Halting the smart meter rollout: Our statement
In the future, smart meters will be irreplaceable as an essential component of the energy system transition, enabling electricity generation and consumption to be coordinated in the best possible way through greater transparency in the power grid and offering end customers transparency about their consumption and other value-added services. This is how it was intended in the law on the digitization of the energy system transition; installation of the electricity meters referred to as “smart metering systems (iMSys)” in the wording of the law was to begin in 2017. It took more than three years of delay before the BSI (German Federal Office for Information Security) gave the go-ahead in February 2020 and the smart meter rollout began slowly and sluggishly. Now, for the time being, it is already over again: The Higher Administrative Court of North Rhine-Westphalia suspended the corresponding general order of the BSI by emergency order on March 4, 2021.
The background: from 2017, “iMSys” were originally to be installed – on condition that these combinations of digital electricity meter and communication unit (smart meter gateway) were offered by three independent manufacturers, were technically secure and available on the market. The BSI was and is responsible for checking these circumstances. So at the end of January 2020, the technical feasibility was finally confirmed by the BSI. There were three manufacturers (now as many as four) that offered BSI-certified gateways. This had two consequences: First, from now on, basic meter operators (usually the local municipal utility) had to start the rollout and convert a certain percentage of the meters in their area within certain deadlines. Secondly, from now on no alternative metering systems could be installed, as offered by several manufacturers. However, the go-ahead only applied to certain use cases; electricity meters from electrcity generation units such as PV systems continued to be exempt. In addition, the first certified gateways have only a very limited range of functions, which falls significantly short of what alternative gateways have been technically achieving for years, for example in terms of data resolution and the number of meters that can be coupled with a gateway.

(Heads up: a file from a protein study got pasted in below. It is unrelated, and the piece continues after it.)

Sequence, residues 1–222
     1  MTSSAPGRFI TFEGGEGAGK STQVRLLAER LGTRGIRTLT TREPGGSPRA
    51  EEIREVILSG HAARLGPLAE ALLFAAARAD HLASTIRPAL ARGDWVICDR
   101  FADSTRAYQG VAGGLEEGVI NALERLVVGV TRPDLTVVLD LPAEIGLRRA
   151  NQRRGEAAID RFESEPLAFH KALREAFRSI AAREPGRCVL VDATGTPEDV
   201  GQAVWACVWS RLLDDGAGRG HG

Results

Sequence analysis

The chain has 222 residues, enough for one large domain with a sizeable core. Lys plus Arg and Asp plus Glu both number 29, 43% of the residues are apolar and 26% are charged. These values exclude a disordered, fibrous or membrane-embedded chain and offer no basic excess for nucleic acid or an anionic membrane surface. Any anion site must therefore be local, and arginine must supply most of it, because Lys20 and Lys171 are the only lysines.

The Higher Administrative Court (OVG) of North Rhine-Westphalia has now put a temporary stop to this. Several providers of alternative metering systems had filed a lawsuit against the BSI’s general ruling and were proven right. The reason given: The certified iMSys do not meet the legal technical requirements. Specifically, the devices have such a limited range of functions that this is no longer within the meaning of the law. The BSI is allowed to adapt requirements in line with technical progress, but not to fall below the legal minimum requirements. The consequence of this decision is that alternative metering systems may continue to be used. All devices that are now installed will be grandfathered for eight years.
The decision confirms EINHUNDERT’s decision to rely on Discovergy’s alternative metering systems when it comes to smart metering. In multi tenant self consumption in particular, they offer the advantage that considerably more meters can be connected to a gateway than is the case with iMSys. This results in clear cost advantages as well as advantages in technical operation. EINHUNDERT is convinced that one gateway per meter room must be sufficient, which would currently not be the case in many cases with the certified gateways. With the decision of the OVG, it is now clear that alternative metering systems can be installed with legal certainty for the time being, which will then be protected for eight years. In parallel, EINHUNDERT is of course also preparing for the use of certified iMSys, but hopes that these will only become mandatory when they have at least the same functionality as the Discovergy gateways currently in use, in order not to have to take any technical steps backwards.
Here is the statement from Julian Halbey, Head of Technical Operations at EINHUNDERT:
The entire certification process is a prime example of over-bureaucratization and perfectionism. Germany once again wanted to do better than everyone else and develop the best and most secure smart meters ever. Instead, after years of delay, we now have four certified gateways that still fall short of the 2017 legal requirements in terms of functionality. Legitimate requirements for data protection and IT security must not be allowed to counteract the benefits of a new technology to such an extent that its usefulness is completely limited. The BSI now has the chance to adapt to the state of the art in technical requirements so that we do not experience a step backward as a result of certification. It should use the time to make gateways available with a significantly greater range of functions so that smart meters can finally realize their potential for the energy system transition.